• Empower Schools and Hospitals: Give greater autonomy to Principals and Hospital Boards for their own procurement needs.  This ensures for example that local maintenance of facilities or stationery can be sourced locally.
  • Greater Transparency: Queensland businesses support increased transparency in the awarding of Government contracts to promote fairness, equity and learning of lessons.
  • Greater Accountability: Governments are great at making announcements but not so good in being held accountable to them.  A publicly available metric framework needs to be reported on with a core KPI being ‘Queensland small business as a percentage of total procurement spend’.  This would enable benchmarking across time and across jurisdiction to assess how we are tracking.

In addition to the above I am concerned with two red flag issues in the QPP.  They are the inclusion of a section relating to 'ethical businesses' and implications stemming from Australia's Free Trade Agreements.

Firstly in respect to ethical businesses the QPP states:

“As a significant investor in our state, the Queensland Government has the ability to lead by example. Value for money needs to consider more than just price paid. Our spend can also help to deliver on important economic, social and environmental objectives.“ 

Wrong! The State’s procurement policy is not the place for achieving secondary agendas to appease union or environmental interests. It is solely about purchasing goods and services to efficiently and effectively deliver roads, education, health, law and order and public transport.  This will undermine 'value for money' for the taxpayers of Queensland not to mention creating more barriers for businesses to participate.

Secondly the State Government’s policy is clearly at odds with the Australian New Zealand Government Procurement Agreement (ANZPA) and other FTAs.  In announcing the QPP the Premier states:  

We are going our own way. We will ignore restrictions that go against our interests. Cabinet has agreed the State Government would no longer be constrained or bound by free trade agreements that have seen jobs go off-shore or interstate.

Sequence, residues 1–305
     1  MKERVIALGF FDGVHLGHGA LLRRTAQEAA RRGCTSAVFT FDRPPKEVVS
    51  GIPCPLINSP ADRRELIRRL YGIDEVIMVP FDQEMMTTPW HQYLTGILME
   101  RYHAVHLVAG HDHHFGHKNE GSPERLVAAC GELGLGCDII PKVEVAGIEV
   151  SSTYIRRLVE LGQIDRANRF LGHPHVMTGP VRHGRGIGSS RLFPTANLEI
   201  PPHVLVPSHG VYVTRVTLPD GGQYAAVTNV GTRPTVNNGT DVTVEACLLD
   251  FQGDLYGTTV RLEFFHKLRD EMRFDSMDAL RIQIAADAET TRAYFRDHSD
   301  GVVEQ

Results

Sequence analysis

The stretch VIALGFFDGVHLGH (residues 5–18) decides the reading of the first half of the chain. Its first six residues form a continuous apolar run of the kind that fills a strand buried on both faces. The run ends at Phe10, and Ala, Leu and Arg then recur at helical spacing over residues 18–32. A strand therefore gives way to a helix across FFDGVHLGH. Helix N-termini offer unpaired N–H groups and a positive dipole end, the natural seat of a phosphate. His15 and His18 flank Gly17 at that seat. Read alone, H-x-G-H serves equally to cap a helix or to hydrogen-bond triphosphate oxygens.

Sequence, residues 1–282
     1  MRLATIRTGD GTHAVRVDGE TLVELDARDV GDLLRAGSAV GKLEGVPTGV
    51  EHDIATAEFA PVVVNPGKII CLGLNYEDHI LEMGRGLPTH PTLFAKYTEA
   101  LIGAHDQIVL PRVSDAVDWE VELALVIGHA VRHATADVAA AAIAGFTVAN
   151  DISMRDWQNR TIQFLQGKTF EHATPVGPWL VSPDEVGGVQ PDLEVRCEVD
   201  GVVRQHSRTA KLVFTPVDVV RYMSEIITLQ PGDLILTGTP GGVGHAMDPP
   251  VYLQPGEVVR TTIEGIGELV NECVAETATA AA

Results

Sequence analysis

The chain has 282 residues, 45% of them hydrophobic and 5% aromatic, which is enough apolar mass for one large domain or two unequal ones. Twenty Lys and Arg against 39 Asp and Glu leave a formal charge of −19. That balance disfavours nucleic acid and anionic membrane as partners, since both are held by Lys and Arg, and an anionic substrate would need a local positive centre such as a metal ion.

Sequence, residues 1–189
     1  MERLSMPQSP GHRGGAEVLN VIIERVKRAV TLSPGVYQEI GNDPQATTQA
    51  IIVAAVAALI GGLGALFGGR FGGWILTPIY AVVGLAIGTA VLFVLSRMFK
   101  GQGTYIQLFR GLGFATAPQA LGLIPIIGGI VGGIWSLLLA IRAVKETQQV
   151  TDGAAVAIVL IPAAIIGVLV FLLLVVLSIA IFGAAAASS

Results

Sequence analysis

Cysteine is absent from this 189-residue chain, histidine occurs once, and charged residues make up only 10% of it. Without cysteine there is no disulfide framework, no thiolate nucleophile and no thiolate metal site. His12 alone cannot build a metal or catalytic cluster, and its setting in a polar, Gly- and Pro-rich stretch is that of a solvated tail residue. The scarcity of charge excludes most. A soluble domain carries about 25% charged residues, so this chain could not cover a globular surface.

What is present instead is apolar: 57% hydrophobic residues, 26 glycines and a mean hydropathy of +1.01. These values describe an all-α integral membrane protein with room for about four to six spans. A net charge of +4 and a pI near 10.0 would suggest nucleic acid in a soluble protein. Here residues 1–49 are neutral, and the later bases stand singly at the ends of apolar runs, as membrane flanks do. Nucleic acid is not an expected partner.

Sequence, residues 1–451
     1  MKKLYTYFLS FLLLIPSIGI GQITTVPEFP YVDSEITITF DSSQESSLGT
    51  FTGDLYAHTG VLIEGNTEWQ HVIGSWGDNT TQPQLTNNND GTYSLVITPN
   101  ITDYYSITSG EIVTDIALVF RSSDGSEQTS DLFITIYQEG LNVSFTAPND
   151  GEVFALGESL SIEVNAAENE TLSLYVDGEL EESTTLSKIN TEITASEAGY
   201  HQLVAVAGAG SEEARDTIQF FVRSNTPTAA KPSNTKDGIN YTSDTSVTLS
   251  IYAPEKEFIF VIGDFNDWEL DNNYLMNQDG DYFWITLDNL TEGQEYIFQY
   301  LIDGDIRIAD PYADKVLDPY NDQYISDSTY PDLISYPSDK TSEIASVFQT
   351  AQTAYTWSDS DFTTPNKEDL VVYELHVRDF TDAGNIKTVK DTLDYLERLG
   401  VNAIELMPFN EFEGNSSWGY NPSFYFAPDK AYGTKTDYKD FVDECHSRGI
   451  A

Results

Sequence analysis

The objective of the ANZPA is to create and maintain a single ANZ government procurement market by ensuring the opportunity exists for all suppliers to compete on an equal and transparent basis for government contracts and more specifically by ensuring the absence of preference schemes and other forms of discrimination in government procurement, based on the place of origin of goods and services.

The extent of any repercussions of Palaszczuk’s QPP is largely dependent upon how other Countries react.  However, given that Queensland is a net exporter and our exports are worth considerably more than State Government procurement  we have more to lose than we have to gain. When it comes to procurement the State Government’s primary objective must be to deliver maximum outcomes for the taxpayer’s dollar and not to jeopardise our exporters. As a secondary responsibility where all things are equal then the State Government can give preference to Queensland businesses. 

Rather than grandstand and say the State Government will provide local suppliers from 1 September 2017, a weighting of up to 30% on any tender we should instead focus on the above seven points and remove the consideration of 'ethical businesses'.  This I believe will deliver a greater benefit to Queensland small businesses.